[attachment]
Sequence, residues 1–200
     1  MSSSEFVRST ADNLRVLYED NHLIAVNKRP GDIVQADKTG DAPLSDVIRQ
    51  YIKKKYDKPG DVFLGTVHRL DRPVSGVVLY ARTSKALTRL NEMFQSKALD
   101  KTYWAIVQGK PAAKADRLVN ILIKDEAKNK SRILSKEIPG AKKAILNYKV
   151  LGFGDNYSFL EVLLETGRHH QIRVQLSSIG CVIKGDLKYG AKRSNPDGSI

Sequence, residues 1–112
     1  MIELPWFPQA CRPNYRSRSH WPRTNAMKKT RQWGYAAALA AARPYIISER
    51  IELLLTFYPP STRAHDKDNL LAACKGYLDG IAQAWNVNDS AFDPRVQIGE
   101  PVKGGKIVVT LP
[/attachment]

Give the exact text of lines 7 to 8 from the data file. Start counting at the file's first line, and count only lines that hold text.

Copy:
     1  MIELPWFPQA CRPNYRSRSH WPRTNAMKKT RQWGYAAALA AARPYIISER
    51  IELLLTFYPP STRAHDKDNL LAACKGYLDG IAQAWNVNDS AFDPRVQIGE